This blog will discuss the benefits of recruiting overseas employees for companies. It will discuss the Skilled Worker visa route, the Scale-Up Worker visa and the Graduate Trainee visa.
Recruiting overseas employees can be an effective way for a company to diversify and broaden the talent and expertise of their work force, thereby contributing to the economic and social value of the company.
Overseas employees are useful in both high-skilled and low-skilled jobs. In high-skilled job sectors, overseas workers can perform jobs that require specialist skills, such as technical or language skills, which may be harder to source in the UK. Facilitating transfers from overseas divisions is also an effective way to introduce new ideas and productive work patterns into the UK organisation. Overseas employees may also hold a pre-existing skill set that can effectively fill temporary vacancies.
In low-skilled job sectors, overseas workers can also be a valuable asset to help fill labour shortages.
It is also important to note that if you are recruiting an Overseas employee in a job that is on the government’s list of designated shortage occupations, there are two key benefits that are particularly attractive for Employers. A skilled worker filling a job on the shortage list can be paid 80% of the job’s usual going rate and will be subject to a lower visa fee.
Types of licence:
It is important to understand what type of licence is required, as there are various routes for recruiting employees from outside the UK. Prospective overseas employees will either need a ‘Worker’ visa, which is required for skilled or long-term employment, or a ‘Temporary Worker’ visa, for specific types of temporary employment.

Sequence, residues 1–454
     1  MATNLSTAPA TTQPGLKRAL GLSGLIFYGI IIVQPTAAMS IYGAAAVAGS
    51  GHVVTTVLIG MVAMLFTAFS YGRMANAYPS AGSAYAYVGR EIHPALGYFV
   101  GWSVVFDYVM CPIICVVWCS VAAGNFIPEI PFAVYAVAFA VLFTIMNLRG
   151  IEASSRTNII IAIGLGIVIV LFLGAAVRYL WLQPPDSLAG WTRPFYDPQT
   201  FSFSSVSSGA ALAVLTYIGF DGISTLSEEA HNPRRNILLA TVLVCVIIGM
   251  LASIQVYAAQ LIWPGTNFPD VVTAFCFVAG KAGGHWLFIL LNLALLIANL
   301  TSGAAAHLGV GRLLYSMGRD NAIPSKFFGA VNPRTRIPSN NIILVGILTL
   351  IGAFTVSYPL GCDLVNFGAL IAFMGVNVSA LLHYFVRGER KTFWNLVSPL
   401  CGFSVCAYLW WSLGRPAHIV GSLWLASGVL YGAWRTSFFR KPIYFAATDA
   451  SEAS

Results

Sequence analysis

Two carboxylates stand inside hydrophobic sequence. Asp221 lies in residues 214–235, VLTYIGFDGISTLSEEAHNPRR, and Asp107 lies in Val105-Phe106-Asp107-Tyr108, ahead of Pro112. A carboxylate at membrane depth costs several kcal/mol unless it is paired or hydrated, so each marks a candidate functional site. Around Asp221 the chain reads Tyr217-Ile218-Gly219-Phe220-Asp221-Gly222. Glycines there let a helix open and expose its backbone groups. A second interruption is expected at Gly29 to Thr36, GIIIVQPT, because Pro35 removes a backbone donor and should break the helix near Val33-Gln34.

A ‘Temporary Worker’ licence is useful if you would like to sponsor employees on a temporary basis. This licence is split into categories for specific types of employment and visas. Two important categories are Senior/Specialist Worker and Graduate Trainee visas (which falls into the Global Business Mobility sector)
A ‘Worker’ licence allows you to sponsor people in different types of skilled employment. The work can be for a short term, long term or permanent role, depending on the terms of the visa. If you would like to recruit an overseas worker under the ‘worker licence’ route, the most common licence you will apply for is a Skilled Worker licence. Most individuals will require a sponsor licence unless they are Irish citizens, have settled or pre-settled status or have indefinite leave to remain (ILR) in the UK.As an employer, and thus the sponsor for your employee, you will need to have a sponsor licence and provide the individual with a ‘certificate of sponsorship’.
You will need to appoint people within your business to manage the sponsorship process when you apply for a licence – namely an authorising officer, a key contact point, a level one user and (optional) level two user.
This blog will discuss three key visa options that mark an opportunity for employers to expand their workforce and talent base.
1. Skilled Worker visa
The Skilled Worker visa is the most popular UK visa route for skilled overseas nationals. In order to qualify, individuals must meet a 70-point minimum requirement, which is based on key factors such as skill, salary level, English language ability and a qualifying job offer from an employer with a valid sponsorship licence. The job itself must be eligible for a skilled worker visa, the full list of which can be found on the government website.